A Day in Ain al-Hilweh Camp

A Day in Ain al-Hilweh Camp
*Palestinian journalist, Ain al-Hilweh camp, Lebanon

Mornings in the camp begin at 7:15 a.m. I have nothing to do that early. But the fact that houses in the camp are like the Smurfs’ village, closely packed and crowded, forces me to wake up every day along with my neighbor who wakes her children for school. So, I get up with them to the sound of her shouting, “Come on, Abdallah, get up! Get Uuuuuup!” It sounds like a military bugle call, waking up anyone who lives near Um Abdallah.
My day in the camp is the same as that of any other young woman. I wake up cursing Um Abdallah to myself—she has made me wake up too early before my ten o’clock lecture. I have a cup of Nescafe with my mother.
It’s the same old camp, nothing new: The buildings surround you from every direction, making you feel as if you were at the bottom of hell besieged by bricks. Sun rays timidly seep through the walls and the randomly-built houses. No trees, no flowers, no birds chirping; all you can hear is the gossip of the neighbors backbiting about each other, the shouting of mothers, and the voice of the vegetable hawker who comes early shouting, “Four kilos of spinach for one thousand!”
After the Nescafe begins the torment, which is the journey to university: crossing the camp’s checkpoints and circling around in search of a less crowded exit. This search journey sometimes takes a whole hour, when it should only take 10 minutes if the road were passable. After university, I often have to walk home because cars won’t go into the camp. First, it’s because of the traffic, and, second, because they are afraid of a sudden clash breaking out. So, I feel that I, and all the residents of the camp, are living in a catastrophic chaos and a new Nakba. As if we were living in a “ghetto,” isolated from the rest of humanity as “a human sanctuary harboring human predators.” This is the stereotyped perception that appears on the taxi driver’s face when I tell him “to the camp.” He glances at me and I hear the car tires screeching, leaving behind a cloud of smoke and dust obscuring the view. It takes me half an hour, sometimes more, to find someone to drive me back home, in rain or under scorching sun. At times, I curse the camp, at others my rotten luck, and my great- grandfather for leaving Palestine, and the mother of the Jews. Then, I grab my books tight and go back on foot.
One of the features of the life in the camp is that we’re required, at all times and in all places, to sleep with our shoes on, in case a battle suddenly breaks out. At home, for example, I always have a packed bag in case I need to flee. Inside, I have my own and my husband’s clothes, our identity papers, and some rare books, ready to go at the first gunshot or shell—though we may not have time to grab it. Time and time again, we have fled barefoot under the whizzing bullets without even thinking about anything other than holding on for dear life.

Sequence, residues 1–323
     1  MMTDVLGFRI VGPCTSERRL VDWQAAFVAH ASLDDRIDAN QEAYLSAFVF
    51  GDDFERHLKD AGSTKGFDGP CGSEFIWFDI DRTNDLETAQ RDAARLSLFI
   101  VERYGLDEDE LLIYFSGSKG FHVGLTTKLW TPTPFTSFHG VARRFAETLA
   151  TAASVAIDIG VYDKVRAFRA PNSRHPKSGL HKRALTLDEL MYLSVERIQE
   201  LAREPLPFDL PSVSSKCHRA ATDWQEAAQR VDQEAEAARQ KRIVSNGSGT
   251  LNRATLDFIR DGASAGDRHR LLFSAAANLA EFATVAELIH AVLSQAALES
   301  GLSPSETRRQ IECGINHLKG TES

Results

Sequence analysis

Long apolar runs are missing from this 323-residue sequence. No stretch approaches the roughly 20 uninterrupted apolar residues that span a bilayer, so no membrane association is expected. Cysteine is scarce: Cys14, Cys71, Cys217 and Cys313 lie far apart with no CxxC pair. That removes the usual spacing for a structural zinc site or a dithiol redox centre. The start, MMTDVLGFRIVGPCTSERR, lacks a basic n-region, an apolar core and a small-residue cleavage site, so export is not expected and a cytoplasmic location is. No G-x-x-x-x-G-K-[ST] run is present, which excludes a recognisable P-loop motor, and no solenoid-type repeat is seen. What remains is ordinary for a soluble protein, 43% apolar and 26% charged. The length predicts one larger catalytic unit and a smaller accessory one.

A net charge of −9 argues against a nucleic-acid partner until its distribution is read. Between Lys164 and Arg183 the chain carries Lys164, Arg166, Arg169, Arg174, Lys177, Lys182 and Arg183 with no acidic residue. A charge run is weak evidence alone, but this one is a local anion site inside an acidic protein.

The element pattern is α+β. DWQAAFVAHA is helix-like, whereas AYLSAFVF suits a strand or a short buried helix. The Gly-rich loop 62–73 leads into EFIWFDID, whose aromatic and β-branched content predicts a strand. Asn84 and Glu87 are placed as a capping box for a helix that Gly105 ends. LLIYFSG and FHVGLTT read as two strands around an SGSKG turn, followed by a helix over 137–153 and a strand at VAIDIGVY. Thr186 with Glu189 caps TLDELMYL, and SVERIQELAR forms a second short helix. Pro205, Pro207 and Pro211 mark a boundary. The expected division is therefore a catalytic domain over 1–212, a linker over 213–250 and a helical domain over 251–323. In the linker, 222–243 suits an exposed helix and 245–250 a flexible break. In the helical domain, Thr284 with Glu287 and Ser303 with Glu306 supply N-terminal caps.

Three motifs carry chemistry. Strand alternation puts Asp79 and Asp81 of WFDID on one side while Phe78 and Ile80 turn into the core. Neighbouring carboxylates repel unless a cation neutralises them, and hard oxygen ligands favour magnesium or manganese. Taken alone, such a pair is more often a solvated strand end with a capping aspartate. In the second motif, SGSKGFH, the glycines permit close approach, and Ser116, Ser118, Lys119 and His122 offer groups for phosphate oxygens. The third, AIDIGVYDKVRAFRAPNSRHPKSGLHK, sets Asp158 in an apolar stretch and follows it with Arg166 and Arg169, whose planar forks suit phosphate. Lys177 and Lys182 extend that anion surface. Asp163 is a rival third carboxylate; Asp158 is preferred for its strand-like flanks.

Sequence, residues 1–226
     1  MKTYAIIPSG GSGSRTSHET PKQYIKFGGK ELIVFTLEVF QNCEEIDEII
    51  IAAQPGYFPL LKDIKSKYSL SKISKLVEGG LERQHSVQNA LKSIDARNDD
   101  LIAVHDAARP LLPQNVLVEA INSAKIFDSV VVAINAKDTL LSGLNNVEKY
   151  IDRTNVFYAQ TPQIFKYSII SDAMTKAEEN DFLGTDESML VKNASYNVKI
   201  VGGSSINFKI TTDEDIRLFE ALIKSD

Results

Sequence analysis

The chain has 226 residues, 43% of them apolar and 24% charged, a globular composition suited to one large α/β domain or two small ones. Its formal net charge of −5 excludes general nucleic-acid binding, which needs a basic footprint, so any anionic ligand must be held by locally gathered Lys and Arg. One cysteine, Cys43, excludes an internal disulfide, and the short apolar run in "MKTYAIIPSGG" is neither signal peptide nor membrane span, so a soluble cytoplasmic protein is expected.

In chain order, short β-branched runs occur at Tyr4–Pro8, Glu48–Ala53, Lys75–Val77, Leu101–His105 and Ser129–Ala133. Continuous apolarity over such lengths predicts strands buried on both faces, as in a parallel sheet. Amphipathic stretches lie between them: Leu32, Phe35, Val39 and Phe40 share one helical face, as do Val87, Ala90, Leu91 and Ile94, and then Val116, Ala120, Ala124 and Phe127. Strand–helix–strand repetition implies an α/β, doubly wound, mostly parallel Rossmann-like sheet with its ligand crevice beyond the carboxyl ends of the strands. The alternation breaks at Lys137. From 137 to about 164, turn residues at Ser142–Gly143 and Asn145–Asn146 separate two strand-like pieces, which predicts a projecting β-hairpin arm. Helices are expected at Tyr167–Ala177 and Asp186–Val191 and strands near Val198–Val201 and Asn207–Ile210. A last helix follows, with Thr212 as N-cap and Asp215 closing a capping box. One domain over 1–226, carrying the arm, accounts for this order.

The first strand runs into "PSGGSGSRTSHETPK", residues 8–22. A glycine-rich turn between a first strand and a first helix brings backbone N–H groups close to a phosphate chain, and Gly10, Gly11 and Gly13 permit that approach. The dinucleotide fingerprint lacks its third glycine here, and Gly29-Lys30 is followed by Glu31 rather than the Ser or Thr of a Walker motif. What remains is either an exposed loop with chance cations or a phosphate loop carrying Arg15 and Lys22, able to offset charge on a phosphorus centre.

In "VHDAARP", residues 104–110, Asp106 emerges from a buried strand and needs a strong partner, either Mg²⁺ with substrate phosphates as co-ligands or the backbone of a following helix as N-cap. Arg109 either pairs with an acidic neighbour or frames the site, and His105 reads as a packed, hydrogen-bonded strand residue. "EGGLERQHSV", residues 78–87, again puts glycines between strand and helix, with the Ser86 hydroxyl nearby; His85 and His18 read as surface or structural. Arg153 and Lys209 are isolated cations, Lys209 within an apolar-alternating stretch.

In the camp you dream of a quiet day free of sounds, of noise. Even amid the quietness of Fridays, the silence is broken by the voices of children who have decided to spend their weekly day off on the streets. They play football and kick the ball around. I see my own childhood running around with them; a childhood deprived of playing spaces and of the fun and pleasure enjoyed by other children around the world. So the street was our playground at the risk of getting hit by a car or by stray bullets.
My neighbor Duaa’ comes over in the morning. She has nothing to tell me but the usual everyday stories: “Do you know who was killed today? That prompted a state of alert among the gunmen during the night. X was shot by accident.” This is the talk of the neighbors, of children, of old and young. The obvious question on their faces: When is the next battle? Where? Why? 
On the roadside, young men stand arguing, complaining about not being able to find work. Some of them sit behind a stand selling fake perfume bottles while others stand behind a cart of vegetables or sahlab – a creamy hot drink. They all think about migrating.
Life in Ain al-Hilweh (which means “Sweet Spring”) is all but what the name conveys, and is in total contrast with the misery and bitterness there. It is enough that it is a waiting station for people suffering from the fever of yearning for Palestine with no cure in sight. In the camp you don’t look for a cure for your yearning, but for return as the cure —nothing but returning home will do. When I enter the camp, a shiver runs through my body because of my homeland’s fever. This shiver, simply put, resembles a wave longing to embrace the beach, although death is only a few steps away from us.